2. Keep moisture in the air: Invest in a good humidifier to run during the winter months. This helps combat the dry air produced by running the heater in your house by keeping moisture in the air. (2)
3. Use gentler products: Dr. Jaber also suggests using a gentler cleanser for your face such as Cetaphil. This product was also recommended by my dermatologist. For the body, Dr. Jaber recommends using a gentle cleanser such as Cetaphil, Dove, or Vanicream instead of the frangranced body washes which she says are ok during the summer months. (2)
4. Avoid hot showers and baths: “In the winter months, taking hot showers and not moisturizing can create cracks in the surface of the skin. Hot water evaporates fast, and if the skin is not moisturized, the cracks in the skin let the skin nerves get exposed to air, resulting in what feels like lots of paper cuts and eczema, or “winter’s itch”,” explains Dr. Purvisha Patel. Dr. Melda Isaac suggests keeping your bathroom door closed, if possible, and moisturizing immediately following. She recommends using products with ceramides as well as hyaluronic acid to keep the barrier of your skin from losing a lot of water. (2)
5. Moisturize: this seems obvious but it must be discussed. Application of a nice, thick moisturizer as soon as you get out of the bath or shower and then one more application during the day is recommended to keep skin fully hydrated during the winter months. Layering an oil on your face and body before moisturizing can help trap in the hydration. Dr. Farber recommends using a body oil such as coconut oil because “that can really hydrate your skin and protect your skin barrier before getting into a warm bath.” She also recommends, instead of coconut oil, to use essential oils such as argan oil, tea tree oil, rose oil, or rose hip oil for those who are more acne prone.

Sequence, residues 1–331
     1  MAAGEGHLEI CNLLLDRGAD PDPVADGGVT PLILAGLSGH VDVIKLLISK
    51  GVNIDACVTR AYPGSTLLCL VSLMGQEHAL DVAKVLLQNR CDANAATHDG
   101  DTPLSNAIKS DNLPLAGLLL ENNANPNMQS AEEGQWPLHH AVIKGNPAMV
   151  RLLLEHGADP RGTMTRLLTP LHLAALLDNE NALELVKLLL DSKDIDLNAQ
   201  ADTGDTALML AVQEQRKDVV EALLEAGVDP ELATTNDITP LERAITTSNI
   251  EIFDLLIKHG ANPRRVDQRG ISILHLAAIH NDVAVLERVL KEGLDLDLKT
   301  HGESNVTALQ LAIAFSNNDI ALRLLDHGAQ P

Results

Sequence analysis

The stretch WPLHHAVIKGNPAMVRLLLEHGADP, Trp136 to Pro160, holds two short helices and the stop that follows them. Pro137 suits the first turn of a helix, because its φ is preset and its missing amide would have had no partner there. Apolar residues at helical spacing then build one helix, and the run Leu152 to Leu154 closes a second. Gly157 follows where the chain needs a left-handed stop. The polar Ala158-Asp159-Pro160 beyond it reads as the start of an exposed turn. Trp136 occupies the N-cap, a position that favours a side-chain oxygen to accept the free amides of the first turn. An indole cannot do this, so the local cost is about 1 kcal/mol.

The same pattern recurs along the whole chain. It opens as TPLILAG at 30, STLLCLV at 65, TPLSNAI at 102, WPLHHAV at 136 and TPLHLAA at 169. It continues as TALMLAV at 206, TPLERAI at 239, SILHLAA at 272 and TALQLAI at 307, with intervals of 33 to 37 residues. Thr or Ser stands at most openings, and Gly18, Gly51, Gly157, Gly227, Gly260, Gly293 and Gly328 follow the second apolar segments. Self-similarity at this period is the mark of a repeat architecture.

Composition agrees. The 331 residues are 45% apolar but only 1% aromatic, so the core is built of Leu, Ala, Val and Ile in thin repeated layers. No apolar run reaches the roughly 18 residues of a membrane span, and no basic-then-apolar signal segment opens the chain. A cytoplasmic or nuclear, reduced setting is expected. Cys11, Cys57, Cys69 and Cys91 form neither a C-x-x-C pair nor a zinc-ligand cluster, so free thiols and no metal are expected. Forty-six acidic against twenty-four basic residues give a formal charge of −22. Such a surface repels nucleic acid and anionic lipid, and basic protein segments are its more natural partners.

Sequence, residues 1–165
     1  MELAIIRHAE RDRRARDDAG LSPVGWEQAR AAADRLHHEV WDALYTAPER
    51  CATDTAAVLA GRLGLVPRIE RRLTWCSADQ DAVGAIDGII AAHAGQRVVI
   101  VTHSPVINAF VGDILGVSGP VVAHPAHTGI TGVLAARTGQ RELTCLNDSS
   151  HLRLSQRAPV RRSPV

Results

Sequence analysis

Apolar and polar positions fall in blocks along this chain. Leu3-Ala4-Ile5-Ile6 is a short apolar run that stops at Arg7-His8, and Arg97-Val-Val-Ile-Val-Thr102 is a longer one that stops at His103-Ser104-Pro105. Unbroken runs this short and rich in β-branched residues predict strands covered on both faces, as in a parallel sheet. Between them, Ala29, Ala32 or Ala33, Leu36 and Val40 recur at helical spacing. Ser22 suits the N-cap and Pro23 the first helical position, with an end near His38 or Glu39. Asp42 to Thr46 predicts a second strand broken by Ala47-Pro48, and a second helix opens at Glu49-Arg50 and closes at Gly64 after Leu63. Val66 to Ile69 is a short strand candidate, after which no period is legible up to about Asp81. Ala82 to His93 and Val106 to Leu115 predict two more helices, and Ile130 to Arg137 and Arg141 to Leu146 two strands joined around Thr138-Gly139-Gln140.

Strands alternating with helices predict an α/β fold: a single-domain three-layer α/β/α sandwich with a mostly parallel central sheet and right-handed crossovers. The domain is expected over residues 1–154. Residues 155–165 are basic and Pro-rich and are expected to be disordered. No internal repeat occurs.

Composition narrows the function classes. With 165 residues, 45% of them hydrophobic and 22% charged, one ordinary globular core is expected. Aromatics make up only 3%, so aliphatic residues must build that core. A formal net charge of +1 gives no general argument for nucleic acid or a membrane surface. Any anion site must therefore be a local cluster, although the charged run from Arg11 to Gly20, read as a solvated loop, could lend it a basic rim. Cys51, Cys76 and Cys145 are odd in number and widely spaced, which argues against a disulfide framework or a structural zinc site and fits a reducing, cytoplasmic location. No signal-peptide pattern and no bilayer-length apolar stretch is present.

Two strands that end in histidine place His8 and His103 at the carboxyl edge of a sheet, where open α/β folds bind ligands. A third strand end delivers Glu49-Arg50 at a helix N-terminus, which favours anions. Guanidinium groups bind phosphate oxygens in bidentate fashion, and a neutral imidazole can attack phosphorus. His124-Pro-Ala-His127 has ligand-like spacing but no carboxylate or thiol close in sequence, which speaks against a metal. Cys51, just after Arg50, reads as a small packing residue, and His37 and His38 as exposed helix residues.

Dr. Jaber says that one common mistake people make in choosing a moisturizer is choosing a lotion instead of a cream. “Lotions are a common moisturizer, and they come in pumps. The issue with lotions is that they are not as moisturizing as creams. When your skin is dry in winter, it is important to use creams, which come in jars and ointments. You also want to avoid fragrances, as these can irritate the skin.” When choosing a cream for your face, Dr. Jaber also suggests choosing one that contains ceramides that are noncomedogenic and fragrance free so it won’t break your face out. (2) Another ingredient to look for is a vitamin B derivative called niacinamide. Niacinaminde supports the skin barrier, increases its resiliency, and improves skin texture by making pores look smaller. It also helps balance oil production. (3)
My favorite moisturizer for my face is Murad’s Nutrient Charged Water Gel. I also use Confidence in a Neck Cream by It Cosmetics for my neck and chest area.